Unique opportunity for students at KTH and UIUC to study the Arctic
This summer course focuses on the changes that take place in the Arctic region. These changes are partly triggered by climate change and its effects, and partly by global economic and political trends.
Retreating ice sheets and glaciers, decreasing sea ice, the changing seasonality of snow and ice, permafrost thaw and changing ecosystems all characterize the present Arctic. These developments, with large potential feedbacks, have led to increased efforts by scientists to monitor environmental changes, explain their causes and predict their consequences.
At the same time, changing global economic and political trends lead to a growing economic interest in the Arctic. The decreasing summertime sea ice cover in the Arctic Ocean offers new possibilities for shipping between the Atlantic and Pacific oceans along the northern coast lines of the Eurasian and North-American continents. Global economic processes such as rising and falling world market prices for base and rare metals result in boom and bust cycles in the prospecting and mineral extraction across the Arctic region.
Together these changes pose a challenge to all stakeholders in the region, from indigenous peoples and other local residents, municipal planners, to policy makers and economic actors on the regional, national and global scale. Not least, these rapid developments also challenge students who wish to work with questions of sustainable development in their careers.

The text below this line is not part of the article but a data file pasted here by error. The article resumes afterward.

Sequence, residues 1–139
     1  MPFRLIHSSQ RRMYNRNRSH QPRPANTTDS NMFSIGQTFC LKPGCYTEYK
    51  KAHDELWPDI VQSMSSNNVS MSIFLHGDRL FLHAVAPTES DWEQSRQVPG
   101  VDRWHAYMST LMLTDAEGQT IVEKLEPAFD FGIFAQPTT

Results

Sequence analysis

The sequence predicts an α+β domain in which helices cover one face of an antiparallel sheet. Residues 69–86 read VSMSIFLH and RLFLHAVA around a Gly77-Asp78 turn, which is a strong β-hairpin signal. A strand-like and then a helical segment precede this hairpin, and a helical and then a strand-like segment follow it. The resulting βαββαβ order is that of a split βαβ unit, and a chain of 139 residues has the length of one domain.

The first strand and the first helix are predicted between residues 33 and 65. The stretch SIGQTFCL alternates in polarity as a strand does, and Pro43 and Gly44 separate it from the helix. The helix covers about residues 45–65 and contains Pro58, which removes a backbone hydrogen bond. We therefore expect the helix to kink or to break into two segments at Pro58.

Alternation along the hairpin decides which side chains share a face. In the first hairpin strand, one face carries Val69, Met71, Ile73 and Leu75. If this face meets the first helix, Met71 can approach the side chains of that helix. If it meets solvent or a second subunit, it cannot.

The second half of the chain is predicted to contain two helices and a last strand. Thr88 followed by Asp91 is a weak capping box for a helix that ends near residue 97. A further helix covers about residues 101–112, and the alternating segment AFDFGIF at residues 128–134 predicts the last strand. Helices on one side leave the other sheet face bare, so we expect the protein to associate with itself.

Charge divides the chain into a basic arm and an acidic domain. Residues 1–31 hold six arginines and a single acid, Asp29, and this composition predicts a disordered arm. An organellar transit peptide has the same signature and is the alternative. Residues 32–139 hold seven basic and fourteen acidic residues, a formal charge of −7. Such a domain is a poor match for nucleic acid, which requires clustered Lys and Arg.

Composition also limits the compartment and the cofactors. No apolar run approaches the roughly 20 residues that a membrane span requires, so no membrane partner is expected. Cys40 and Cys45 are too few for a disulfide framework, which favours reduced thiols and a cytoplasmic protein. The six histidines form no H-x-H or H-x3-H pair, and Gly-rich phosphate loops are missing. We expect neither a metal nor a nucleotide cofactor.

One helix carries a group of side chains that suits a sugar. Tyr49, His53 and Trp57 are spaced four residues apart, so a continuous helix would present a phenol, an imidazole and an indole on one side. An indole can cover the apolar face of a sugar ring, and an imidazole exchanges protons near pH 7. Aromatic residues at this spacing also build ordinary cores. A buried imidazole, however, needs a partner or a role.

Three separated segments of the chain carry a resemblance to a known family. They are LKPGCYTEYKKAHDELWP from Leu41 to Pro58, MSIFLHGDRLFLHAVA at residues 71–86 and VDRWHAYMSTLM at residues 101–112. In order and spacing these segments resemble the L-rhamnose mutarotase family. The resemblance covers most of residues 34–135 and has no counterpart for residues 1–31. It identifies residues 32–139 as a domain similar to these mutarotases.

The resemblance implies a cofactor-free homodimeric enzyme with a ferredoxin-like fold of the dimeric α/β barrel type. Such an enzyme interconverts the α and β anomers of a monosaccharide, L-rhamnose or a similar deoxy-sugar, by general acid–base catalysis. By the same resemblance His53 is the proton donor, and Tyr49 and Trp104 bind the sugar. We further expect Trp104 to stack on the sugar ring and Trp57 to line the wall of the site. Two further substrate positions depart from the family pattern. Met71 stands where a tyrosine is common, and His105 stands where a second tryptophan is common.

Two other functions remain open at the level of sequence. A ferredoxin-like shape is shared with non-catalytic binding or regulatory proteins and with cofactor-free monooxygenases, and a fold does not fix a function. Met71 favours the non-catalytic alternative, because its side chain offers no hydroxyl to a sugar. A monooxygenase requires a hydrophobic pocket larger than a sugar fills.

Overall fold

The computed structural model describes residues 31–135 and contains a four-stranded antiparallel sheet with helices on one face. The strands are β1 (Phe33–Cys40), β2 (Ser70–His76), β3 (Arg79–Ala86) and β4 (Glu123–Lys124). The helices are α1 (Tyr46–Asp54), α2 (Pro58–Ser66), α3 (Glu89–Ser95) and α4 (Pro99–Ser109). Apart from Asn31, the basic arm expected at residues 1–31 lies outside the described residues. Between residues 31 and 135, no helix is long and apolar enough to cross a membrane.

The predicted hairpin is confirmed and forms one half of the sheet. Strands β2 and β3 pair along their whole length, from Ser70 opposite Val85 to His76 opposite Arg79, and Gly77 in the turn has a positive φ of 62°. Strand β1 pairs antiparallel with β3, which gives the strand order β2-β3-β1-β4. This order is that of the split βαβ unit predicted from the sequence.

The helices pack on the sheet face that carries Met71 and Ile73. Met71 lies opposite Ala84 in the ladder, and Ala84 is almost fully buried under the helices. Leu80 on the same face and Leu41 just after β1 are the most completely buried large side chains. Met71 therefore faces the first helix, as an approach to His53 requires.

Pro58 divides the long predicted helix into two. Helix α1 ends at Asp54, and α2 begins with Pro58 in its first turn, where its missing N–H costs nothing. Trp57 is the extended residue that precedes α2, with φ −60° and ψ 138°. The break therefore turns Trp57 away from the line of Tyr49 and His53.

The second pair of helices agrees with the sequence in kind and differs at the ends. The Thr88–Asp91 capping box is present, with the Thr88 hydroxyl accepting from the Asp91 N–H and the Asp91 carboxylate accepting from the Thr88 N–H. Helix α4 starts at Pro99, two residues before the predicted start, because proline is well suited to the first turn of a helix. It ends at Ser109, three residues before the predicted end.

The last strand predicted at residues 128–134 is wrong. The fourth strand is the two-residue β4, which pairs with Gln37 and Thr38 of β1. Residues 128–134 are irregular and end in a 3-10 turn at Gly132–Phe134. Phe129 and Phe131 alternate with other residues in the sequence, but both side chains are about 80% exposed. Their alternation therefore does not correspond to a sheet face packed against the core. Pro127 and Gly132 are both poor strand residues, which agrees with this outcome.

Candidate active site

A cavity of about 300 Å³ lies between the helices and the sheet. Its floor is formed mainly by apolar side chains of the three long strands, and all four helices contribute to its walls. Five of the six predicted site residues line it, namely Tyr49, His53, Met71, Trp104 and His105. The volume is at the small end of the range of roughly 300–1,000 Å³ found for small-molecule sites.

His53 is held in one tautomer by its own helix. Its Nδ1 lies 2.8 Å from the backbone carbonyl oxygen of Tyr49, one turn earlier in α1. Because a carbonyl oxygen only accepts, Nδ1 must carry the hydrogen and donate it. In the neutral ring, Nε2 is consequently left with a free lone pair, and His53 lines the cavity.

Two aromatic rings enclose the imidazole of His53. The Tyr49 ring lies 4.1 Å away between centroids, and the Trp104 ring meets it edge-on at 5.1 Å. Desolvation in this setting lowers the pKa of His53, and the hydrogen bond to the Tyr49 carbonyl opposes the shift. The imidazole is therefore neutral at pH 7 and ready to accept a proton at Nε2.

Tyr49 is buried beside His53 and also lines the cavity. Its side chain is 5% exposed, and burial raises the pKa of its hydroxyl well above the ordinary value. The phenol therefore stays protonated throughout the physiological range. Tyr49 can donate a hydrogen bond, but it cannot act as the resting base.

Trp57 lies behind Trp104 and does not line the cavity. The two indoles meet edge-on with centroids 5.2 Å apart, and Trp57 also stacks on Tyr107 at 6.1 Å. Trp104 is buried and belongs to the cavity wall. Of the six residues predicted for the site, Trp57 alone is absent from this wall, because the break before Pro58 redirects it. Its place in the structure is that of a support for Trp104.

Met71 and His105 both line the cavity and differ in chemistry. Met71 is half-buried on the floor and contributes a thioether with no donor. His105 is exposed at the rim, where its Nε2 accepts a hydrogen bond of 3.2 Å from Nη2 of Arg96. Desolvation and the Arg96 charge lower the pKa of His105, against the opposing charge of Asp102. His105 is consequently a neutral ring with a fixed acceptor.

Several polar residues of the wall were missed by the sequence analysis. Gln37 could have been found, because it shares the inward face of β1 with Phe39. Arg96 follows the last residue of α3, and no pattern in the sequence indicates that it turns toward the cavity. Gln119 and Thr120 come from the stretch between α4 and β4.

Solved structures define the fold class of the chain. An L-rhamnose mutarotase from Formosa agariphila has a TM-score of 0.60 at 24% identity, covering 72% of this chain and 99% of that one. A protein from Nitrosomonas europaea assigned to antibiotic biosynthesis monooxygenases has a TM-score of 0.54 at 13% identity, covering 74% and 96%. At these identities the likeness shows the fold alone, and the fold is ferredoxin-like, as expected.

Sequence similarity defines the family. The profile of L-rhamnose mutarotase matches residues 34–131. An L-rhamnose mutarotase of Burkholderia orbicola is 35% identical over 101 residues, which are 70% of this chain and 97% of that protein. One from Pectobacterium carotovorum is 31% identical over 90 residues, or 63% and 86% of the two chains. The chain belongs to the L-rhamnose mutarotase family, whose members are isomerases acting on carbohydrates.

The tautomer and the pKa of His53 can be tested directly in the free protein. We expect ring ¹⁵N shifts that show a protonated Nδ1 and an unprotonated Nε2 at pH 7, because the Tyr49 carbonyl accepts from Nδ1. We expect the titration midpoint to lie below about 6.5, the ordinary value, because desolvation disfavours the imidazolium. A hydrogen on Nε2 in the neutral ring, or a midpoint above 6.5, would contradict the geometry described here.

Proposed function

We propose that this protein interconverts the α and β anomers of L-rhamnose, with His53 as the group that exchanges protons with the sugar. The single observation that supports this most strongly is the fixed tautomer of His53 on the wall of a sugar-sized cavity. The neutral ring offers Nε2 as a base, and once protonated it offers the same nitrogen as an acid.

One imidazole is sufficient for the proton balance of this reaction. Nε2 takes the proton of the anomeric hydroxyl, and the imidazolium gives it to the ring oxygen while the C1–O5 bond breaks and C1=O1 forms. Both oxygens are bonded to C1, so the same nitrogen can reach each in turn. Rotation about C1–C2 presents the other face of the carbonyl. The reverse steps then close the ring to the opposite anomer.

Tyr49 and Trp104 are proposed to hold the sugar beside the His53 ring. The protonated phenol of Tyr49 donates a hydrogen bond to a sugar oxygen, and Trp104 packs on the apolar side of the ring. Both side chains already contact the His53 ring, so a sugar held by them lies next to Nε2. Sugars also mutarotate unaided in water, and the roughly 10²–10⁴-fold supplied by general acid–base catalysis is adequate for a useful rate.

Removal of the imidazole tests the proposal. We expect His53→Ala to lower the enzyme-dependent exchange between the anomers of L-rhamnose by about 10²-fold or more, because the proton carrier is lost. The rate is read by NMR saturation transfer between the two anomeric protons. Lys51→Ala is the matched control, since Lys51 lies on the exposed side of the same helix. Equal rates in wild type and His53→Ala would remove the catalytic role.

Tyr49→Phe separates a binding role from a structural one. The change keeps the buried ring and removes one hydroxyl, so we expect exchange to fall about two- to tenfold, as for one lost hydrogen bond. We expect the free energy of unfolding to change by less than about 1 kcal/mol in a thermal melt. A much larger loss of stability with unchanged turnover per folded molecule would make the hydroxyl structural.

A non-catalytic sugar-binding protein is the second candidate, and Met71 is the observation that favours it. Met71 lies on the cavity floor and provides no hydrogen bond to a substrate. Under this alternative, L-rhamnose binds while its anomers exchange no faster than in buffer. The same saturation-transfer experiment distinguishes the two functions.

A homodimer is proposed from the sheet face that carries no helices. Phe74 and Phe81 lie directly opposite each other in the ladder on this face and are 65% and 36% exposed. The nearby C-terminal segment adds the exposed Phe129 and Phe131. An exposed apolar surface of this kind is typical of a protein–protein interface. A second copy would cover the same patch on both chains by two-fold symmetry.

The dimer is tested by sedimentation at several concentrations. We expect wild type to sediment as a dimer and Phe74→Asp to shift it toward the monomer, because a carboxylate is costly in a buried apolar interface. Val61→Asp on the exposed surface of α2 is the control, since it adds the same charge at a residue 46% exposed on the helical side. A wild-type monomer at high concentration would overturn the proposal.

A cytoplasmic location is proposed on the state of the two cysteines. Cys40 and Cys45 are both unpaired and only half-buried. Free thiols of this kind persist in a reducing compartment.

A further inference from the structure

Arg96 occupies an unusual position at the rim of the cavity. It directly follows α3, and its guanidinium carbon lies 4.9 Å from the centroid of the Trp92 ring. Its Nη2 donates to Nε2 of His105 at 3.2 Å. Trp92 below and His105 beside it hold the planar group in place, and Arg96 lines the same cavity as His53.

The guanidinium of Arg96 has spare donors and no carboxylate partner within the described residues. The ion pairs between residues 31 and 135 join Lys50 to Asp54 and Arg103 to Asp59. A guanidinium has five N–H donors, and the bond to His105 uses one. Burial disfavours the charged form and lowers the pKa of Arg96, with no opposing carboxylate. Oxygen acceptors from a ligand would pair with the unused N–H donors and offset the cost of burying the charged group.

The Arctic environment has always undergone change, however. The ways humans relate to and depend upon this region have always been dynamic.In order to understand the present developments and their possible outcomes, we need to know why and how the region has developed in a long term perspective. This course, jointly organized by KTH and Stockholm University, provides students with a deeper understanding of a fascinating and ever-changing region.
Organization and general outline
The objective of this course is to explore causes and consequences of the changes in the Arctic for society and the natural environment, and discuss possibilities to handle them in the future.
The course is divided into two parts. The first part takes place between June 4 - 21 at KTH in Stockholm and consists of a series of lectures, seminars and museum visits on the topic of Arctic environmental and societal change. In the second part,we conduct field work in Norrbotten – Sápmi (Arctic Sweden) between June 24 - July 4. The field work includes visits to some of the largest open-pit and deepest underground mines in Europe, Aitik and Kirunavaara. We will hike in one of the most beautiful mountain areas in Sweden, walk on Sweden’s largest glacier and stay at a research station, Tarfala, with a view over Sweden’s highest summit, Kebnekaise.
Students need to have general entry requirements and 120 hp in one of the following fields: technology, natural science, architecture, history, environmental history, history of ideas, economic history, political science, anthropology, sociology, ethnology, literature, archaeology or human geography.